Past and present come closer together here, on the Via Appia, probably the most famous Roman road in Italy. It has been re-paved over the centuries, but some Roman monuments still stand on each side of the road: such as the Conobia mausoleum and Carceri Vecchi (prisons) near Santa Maria Capua Vetere. In Santa Maria Capua Vetere we find the Roman amphitheater.

As we go back in time, we come to the ancient town of Paestum with its Greek temples. The city was founded by Achaeans from Sibari (in Basilicata) in the 6th century B.C. The past is shrouded in mystery: the mystery of ritual and of the sacred grounds. Several years ago these stones revealed one of its greatest secrets: Greek paintings were found in one tomb, known as the "tomb of the diver." This is the only example of ancient Greek painting which has survived. The paintings may have been influenced by local Italic artists.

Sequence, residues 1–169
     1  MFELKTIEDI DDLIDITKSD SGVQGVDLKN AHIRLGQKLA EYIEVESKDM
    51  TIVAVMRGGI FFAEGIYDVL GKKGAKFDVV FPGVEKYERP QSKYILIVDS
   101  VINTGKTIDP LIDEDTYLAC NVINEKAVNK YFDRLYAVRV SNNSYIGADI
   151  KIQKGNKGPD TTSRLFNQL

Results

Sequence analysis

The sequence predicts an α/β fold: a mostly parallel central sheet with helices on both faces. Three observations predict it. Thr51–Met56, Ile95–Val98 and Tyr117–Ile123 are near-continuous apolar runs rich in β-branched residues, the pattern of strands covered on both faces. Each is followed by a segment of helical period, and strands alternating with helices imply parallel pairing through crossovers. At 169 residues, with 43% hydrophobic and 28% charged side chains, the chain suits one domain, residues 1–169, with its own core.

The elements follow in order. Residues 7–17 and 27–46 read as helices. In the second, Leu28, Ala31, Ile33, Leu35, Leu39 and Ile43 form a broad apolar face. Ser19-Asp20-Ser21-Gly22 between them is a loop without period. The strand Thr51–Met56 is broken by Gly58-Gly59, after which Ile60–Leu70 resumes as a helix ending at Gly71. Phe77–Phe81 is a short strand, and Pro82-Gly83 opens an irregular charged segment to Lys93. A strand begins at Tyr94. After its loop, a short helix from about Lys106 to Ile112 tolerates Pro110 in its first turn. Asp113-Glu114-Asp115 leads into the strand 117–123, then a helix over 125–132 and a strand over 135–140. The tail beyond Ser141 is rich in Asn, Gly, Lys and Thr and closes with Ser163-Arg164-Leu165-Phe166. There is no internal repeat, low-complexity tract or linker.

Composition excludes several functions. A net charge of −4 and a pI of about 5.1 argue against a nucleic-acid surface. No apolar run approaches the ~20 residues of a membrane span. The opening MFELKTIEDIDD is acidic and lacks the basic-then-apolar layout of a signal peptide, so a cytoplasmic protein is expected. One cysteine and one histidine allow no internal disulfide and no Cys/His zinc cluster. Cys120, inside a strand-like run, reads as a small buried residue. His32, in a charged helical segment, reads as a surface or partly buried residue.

Moving inland we come across isolated hill top towns like Sicignano dei Alburni and Vallo di Lucania in southern Campania. As we move north into Irpinia (the northeastern part of Campania) we come Lauro with its feudal castle and church perched on top. The melancholy of a semi-abandoned town like this one reminds us of how many people left the country to find work in the bigger cities. The capital of Irpinia is Avellino, an ancient Roman town where the independence movement in Campania began in mid 1800. One of the best spokesmen for this region, Guido Dorsi, was from Avellino.

From Cefaloni, high on the Sabato valley, to the mountains of Montesarchio we come to the Forche Caudine where the Samnites, the people who built these cities, dealt Rome one of its greatest defeats on the battlefield. Their capital was Benevento; the name, however, is Roman (Beneventum) in honor of Rome's eventual victory over the Samnites. What remains of Rome in this city are Trajan's arch and the amphitheater. This city was the capital of the Longobard duchy in the south. It then became a pontifical city (under the control of the Church). In World War II it was badly damaged by American bombers: its medieval cathedral was totally destroyed, and poorly rebuilt.